On the particular article where I wanted the menu displayed “in-the-round” I set this radio list param to “Ring Menu”. The option is shown in the Article Advanced Parameters accordion (the default setting is “vertical” BTW). You can see how the custom parameter is displayed here. Note the first item in the Parameters (Advanced) menu on this screenshot.

Custom Article Parameter

Custom Article Parameter

Now we have a parameter to play with, in the template’s index.php file in the <head> area, I can read this value into a php variable ($class).

// This loads a custom article parameter "Ring Menu". The custom parameter is defined in
// administrator/components/com_content/models/article.xml. It defaults to Vertical, the other
// option currently is "Ring Menu".
// We can read this parameter and apply a different style to a module based on the page
$params = &JComponentHelper::getParams( 'com_content' );
$class = $params->get('ring_menu');

Further down the script, where the menu module itself is loaded, the $class variable is echoed into the surrounding div. Thus, when the particular article in question is loaded, the container div for the menu changes from <div id="sub-menu" class="vertical"> to <div id="sub-menu" class="ring-menu">. So my stylesheet can now do its magic and render the sub-menu, or any module for that matter, in the manner which I choose.

I hope this is useful to some and I would really love to know if there is a way to achieve the same result (i.e. adding a style class based on the article being viewed) without needing to hack the Joomla! core. I’m sure there probably is…

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  • Nice work, I like the ring idea!

    You _can_ add stuff to the parameters — or anywhere in the UI for that matter — without hacking. You’d need a system plugin, that adds some javascript to the page, which in turn inserts html. Depending on what you want to achieve, you can intercept tasks like save, apply, … from the system plugin as well, so you can process the data from your added form fields.

    Downside: it’s a lot of work if all you’re only going to use it once for a customer. If you’re going to do hacks like these a lot, you could write a generic plugin where you just ‘fill in the blanks’.


  • Alan Lord says:


    Thanks for the comments and suggestions and welcome to my blog :-)

    It is a shame that you can’t use the override facility in the template to extend the system parameters as you can with the output modules.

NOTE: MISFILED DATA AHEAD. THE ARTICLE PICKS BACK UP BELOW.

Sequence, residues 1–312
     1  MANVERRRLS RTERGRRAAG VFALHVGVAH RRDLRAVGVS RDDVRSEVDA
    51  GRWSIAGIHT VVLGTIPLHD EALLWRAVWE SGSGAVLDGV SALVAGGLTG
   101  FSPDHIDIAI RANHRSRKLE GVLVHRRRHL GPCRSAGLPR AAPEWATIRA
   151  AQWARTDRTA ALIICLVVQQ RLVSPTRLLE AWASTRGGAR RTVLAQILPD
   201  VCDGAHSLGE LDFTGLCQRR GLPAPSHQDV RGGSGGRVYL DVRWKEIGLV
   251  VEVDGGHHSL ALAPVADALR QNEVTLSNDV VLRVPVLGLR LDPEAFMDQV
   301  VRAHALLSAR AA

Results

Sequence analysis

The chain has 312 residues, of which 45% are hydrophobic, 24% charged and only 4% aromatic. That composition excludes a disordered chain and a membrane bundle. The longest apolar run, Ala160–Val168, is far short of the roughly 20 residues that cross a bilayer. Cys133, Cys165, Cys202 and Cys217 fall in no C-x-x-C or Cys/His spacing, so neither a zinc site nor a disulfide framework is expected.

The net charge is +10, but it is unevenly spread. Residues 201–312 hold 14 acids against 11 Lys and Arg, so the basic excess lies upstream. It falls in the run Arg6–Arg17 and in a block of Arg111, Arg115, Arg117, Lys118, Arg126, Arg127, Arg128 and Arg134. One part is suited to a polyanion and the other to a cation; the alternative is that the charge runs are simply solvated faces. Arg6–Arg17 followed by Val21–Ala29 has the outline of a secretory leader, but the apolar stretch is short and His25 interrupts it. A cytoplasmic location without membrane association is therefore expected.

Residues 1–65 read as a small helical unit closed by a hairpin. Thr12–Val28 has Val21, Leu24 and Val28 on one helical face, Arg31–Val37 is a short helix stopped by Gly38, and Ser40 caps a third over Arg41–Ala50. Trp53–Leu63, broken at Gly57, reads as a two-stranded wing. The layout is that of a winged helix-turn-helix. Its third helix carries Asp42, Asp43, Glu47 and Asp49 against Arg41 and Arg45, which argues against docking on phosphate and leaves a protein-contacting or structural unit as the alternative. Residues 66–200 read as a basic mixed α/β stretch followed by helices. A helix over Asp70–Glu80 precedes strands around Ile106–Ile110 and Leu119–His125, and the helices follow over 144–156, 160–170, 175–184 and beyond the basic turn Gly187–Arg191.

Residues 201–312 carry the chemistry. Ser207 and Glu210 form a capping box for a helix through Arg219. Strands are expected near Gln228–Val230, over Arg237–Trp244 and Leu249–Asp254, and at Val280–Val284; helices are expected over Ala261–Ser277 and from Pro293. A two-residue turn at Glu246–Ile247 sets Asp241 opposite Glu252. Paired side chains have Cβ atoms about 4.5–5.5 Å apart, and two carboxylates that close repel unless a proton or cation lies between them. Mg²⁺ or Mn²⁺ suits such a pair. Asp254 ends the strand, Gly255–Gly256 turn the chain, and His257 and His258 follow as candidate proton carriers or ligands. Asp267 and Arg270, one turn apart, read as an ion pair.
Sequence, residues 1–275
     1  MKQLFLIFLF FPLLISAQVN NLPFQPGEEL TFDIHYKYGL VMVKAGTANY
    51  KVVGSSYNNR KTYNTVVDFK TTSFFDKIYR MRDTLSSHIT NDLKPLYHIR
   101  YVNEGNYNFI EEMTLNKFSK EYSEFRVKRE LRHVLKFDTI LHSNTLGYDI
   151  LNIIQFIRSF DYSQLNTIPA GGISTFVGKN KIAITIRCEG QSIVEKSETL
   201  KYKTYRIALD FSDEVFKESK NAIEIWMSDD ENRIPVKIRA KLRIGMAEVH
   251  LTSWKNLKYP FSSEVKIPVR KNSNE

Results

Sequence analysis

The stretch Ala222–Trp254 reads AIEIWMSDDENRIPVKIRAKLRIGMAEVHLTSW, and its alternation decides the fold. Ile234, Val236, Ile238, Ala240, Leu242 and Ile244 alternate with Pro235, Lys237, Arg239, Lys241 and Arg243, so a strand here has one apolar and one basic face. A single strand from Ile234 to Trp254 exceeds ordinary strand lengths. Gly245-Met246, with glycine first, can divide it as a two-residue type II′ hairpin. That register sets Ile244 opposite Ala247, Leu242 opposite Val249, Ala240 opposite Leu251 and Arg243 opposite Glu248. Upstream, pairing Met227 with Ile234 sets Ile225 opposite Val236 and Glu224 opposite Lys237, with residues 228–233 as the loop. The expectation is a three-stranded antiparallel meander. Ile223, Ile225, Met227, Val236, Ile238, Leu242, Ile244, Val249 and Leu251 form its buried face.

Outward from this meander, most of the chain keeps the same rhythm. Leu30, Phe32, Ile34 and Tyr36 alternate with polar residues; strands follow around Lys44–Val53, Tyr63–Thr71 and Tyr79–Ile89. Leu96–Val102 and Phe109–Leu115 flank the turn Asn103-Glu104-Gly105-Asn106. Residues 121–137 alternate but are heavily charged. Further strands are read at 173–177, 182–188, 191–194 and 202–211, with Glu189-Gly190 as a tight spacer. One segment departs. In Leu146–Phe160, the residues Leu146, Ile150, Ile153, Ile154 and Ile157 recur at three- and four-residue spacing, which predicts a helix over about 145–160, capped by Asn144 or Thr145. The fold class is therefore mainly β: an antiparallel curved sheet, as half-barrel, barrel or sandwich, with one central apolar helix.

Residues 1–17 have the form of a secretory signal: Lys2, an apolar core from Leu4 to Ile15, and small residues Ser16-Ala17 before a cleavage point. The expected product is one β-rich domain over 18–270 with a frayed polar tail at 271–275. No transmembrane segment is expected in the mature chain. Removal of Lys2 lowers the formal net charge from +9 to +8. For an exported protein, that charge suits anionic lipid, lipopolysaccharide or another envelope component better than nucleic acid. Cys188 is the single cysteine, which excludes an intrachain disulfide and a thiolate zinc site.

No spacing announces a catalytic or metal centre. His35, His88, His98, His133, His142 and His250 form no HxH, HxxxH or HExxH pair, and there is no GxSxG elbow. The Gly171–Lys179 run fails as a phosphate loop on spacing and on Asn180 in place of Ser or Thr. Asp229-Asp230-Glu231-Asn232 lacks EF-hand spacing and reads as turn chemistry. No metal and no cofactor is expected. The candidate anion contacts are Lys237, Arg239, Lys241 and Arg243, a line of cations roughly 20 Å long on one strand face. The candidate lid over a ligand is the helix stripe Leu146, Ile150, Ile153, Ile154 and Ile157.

For something so “relatively” simple – I think what I came up with is less work than your suggestion although I agree, if it is something that becomes more “useful” then it would make sense to create an extension.

    I did think about trying to access the unique article ID from within the template’s index.php and that would have also done it for this site, but apart from the fact I couldn’t work out how to get that information, it would be far less flexible, e.g. If you rebuilt the page you’d need to change the code in the template and it gets messy if you want it for more than one article…



  • MK says:

    It’s really cool, and it helped me do my job. Tnx a lot :)

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  • Natacha says:

    Great article!
    It’s given me ideas on how to ‘hack’ my current project site 😀

    A possibly ‘dumb’ Q though – how did you achieve the list of menu titles along the top?
    Are these joomla sections or straight menu items? I’m having troubles making section titles clickable AND highlighted when a current section is active.

    Any pointers on this would be appreciated!


  • Natacha says:

    Hmmm. I think I figured it out… I need a single main menu item which contains a bunch of sections. Then I need to set the this menu’s style to be ‘List’ and the position to be ‘hornav’.
    Took me a while to ‘get’ it but i think i’ve finally ‘got’ it.. and without any hacks required. 😀

  • Diseño Web says:

    Good Article. Nice work.


  • Alan Diamond says:

    The ring idea is really great.